in Science and the politics of openness
Open Access (free)
Competing claims to national identity
Alex J. Bellamy

unfavourably compared to the Bosnian Croats, for example. The issue of overlapping identities was also evident in the study of the Roman Catholic Church. Franjoism identified Croatia as the antemurale christianitatis. According to the HDZ, Croatia was defined by its association with the Roman Catholic Church. For centuries Croatia stood as the bulwark against Islamic and Orthodox Christian expansion into Western Europe. Thus, when Croatia went to war in 1991, ‘the cross of Christ [stood] next to the Croatian flag’.15 However, the Catholic Church views itself as a

in The formation of Croatian national identity
Stuart White

uncontroversial right to discriminate (at least in the case of appointments to the priesthood and the like) in favour of those who hold the association’s beliefs. If, as in the case of the Roman Catholic Church, it is a part of a given Church’s established belief system that only men can be priests, then a woman who demands access to the priesthood apparently reveals herself to have unorthodox beliefs; and so, the argument runs, her exclusion from the priesthood is already entailed by the uncontroversial right to restrict the priesthood to orthodox believers. However, in many

in The culture of toleration in diverse societies
Open Access (free)
The Second World War and the Balkan Historikerstreit
David Bruce MacDonald

. While Bosnia-Hercegovina was joined to the NDH in compensation, many nationalists felt betrayed by a reduction in their territory.7 As well, many Ustaša officers and soldiers were poorly trained, and Pavelić’s distinct lack of charisma and inability to hold mass rallies reduced his exposure among the population. Nevertheless, the lack of credible resistance was also noticeable. Both the Croatian Peasants Party and the Catholic Church remained largely passive.8 At the same time, a degree of support for the regime existed, and large numbers of Croats did join the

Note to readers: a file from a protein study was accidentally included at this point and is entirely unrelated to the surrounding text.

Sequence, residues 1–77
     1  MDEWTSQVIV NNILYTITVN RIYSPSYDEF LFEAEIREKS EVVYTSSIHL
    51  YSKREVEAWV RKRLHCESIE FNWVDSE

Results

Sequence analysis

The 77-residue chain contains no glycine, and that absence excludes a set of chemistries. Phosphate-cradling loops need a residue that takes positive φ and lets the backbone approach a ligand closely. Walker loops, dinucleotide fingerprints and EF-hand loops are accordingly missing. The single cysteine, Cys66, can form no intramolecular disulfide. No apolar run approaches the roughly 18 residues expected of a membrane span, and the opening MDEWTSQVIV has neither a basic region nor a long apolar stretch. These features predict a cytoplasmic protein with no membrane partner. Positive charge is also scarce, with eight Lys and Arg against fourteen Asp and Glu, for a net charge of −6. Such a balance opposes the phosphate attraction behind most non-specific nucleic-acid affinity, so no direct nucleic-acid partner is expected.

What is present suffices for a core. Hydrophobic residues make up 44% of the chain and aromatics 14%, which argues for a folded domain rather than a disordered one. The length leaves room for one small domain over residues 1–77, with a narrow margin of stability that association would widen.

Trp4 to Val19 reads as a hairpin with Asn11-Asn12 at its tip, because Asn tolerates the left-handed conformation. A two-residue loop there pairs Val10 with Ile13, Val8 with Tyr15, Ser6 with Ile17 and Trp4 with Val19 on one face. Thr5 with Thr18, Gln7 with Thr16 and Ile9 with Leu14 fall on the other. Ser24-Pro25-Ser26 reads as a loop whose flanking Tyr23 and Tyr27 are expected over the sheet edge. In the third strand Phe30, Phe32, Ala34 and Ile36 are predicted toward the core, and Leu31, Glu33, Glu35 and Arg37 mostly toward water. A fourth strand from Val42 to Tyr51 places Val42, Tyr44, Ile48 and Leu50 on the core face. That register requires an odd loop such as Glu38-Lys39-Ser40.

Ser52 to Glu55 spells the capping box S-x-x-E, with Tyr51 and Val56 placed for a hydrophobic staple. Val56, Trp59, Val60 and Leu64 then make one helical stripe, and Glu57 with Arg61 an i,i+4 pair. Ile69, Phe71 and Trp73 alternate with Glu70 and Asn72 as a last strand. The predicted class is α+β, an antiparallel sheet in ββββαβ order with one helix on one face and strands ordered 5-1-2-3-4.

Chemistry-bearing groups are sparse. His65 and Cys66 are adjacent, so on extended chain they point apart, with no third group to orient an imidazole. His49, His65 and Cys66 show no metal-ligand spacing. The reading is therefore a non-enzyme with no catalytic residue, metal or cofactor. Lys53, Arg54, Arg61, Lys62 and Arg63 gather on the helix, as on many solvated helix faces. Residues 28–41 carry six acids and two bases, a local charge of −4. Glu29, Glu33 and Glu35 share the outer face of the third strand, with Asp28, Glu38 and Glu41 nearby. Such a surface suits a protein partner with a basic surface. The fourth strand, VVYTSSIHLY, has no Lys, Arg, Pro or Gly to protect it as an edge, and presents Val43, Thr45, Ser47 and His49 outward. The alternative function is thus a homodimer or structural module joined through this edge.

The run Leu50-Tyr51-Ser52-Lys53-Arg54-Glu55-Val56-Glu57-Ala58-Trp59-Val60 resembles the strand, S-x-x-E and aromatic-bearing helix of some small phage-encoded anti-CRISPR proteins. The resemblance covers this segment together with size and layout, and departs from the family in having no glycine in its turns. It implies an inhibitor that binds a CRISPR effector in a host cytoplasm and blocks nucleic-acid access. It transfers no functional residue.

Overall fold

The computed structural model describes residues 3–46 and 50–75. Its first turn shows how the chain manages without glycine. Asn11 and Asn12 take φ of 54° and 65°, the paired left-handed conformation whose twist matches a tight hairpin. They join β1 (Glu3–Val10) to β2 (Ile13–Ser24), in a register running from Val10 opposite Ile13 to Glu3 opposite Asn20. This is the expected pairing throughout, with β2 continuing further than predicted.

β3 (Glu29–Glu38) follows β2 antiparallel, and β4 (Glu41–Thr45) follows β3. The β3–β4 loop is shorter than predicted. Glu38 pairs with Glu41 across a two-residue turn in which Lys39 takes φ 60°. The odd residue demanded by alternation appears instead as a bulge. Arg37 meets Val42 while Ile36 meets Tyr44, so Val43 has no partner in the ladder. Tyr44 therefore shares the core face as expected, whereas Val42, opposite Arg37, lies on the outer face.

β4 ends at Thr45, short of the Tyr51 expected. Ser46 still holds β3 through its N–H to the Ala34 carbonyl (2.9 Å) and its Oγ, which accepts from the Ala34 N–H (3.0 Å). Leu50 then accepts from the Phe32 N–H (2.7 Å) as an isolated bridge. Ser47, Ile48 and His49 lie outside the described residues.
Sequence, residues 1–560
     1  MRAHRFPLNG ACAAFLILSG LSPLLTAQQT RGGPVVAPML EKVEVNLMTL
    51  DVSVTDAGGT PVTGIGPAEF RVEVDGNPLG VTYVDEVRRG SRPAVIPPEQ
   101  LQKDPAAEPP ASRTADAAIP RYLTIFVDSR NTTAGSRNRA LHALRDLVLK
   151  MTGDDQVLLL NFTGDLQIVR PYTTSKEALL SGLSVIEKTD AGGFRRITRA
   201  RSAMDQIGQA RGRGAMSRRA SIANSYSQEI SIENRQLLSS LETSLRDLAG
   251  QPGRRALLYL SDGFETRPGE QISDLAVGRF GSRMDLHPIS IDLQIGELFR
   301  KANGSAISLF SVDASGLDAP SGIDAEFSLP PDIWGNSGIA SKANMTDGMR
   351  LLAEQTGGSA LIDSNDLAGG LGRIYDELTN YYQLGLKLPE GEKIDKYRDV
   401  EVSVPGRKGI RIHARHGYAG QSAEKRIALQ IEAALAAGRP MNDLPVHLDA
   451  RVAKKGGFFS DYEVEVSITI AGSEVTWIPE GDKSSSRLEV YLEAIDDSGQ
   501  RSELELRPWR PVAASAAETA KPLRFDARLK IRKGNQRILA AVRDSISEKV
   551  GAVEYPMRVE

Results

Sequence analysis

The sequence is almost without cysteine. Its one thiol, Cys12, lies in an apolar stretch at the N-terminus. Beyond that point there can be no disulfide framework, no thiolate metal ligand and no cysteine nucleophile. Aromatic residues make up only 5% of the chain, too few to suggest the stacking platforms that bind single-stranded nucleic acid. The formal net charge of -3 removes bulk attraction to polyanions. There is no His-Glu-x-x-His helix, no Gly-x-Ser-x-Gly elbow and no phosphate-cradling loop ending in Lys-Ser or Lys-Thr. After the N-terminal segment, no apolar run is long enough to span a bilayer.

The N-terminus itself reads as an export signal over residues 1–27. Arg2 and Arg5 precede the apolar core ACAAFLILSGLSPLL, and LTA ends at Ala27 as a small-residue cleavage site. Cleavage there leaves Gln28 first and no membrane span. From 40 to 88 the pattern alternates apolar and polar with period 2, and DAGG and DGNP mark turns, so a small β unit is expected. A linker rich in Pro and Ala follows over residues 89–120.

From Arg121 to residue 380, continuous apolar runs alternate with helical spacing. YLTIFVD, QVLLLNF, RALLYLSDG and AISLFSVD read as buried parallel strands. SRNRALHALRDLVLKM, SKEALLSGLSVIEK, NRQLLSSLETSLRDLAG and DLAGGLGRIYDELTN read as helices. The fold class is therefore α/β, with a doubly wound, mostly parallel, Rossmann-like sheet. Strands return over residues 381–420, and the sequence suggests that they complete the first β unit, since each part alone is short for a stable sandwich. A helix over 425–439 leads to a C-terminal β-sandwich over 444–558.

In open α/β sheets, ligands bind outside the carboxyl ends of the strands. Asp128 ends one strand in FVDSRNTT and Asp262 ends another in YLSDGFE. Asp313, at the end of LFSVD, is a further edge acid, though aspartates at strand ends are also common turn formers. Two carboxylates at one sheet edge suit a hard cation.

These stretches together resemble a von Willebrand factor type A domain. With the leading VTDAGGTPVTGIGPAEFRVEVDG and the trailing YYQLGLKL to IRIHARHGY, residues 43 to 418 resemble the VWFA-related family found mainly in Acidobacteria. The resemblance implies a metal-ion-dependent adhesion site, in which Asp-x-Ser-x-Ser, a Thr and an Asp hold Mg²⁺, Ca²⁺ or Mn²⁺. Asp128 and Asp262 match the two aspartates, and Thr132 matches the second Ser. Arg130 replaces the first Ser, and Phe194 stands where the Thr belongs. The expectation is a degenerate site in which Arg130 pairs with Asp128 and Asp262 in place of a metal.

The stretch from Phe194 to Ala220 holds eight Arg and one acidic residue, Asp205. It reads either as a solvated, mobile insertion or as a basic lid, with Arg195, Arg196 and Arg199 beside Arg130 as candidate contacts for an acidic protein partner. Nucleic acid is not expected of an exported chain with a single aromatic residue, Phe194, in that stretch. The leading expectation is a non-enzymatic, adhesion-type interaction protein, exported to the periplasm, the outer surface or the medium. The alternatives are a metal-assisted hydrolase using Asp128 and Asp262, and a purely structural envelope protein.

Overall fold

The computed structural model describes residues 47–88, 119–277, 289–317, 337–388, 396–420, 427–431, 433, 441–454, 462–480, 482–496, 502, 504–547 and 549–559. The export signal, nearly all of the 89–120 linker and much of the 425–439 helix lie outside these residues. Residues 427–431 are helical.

in Balkan holocausts?
Open Access (free)
Alex J. Bellamy

Catholic Church and the Croatian language – reveal the ways in which national identity has a material day-to-day quality as well as an abstract MUP_Bellamy_01_Intro 5 9/3/03, 9:18 T   C   6 content. National identity becomes embedded in the lived experiences of national subjects. Although ideas about the nation can be seen in each of these areas, the meaning of what it was to be Croatian was constantly reinterpreted. Thus Chapters 5 and 6 identify many accounts of national identity that are laced with inconsistencies and

in The formation of Croatian national identity
David Bruce MacDonald

‘Serbophobia’, its meaning was clearly implied. There were others, however, who did elaborate on the phenomenon. Smilja Avramov (an adviser to Milošević) overtly compared the persecution of Serbs with that of the Jews in history: ‘The departure point for the genocide of the Jews was anti-Semitism, and of the Serbs, Serbophobia.’101 Both movements were morally equal, according to Avramov, and each was to be found in a variety of different countries. By Avramov’s definition, Serbophobia was closely tied to the Catholic Church, and was operationalised historically through the

in Balkan holocausts?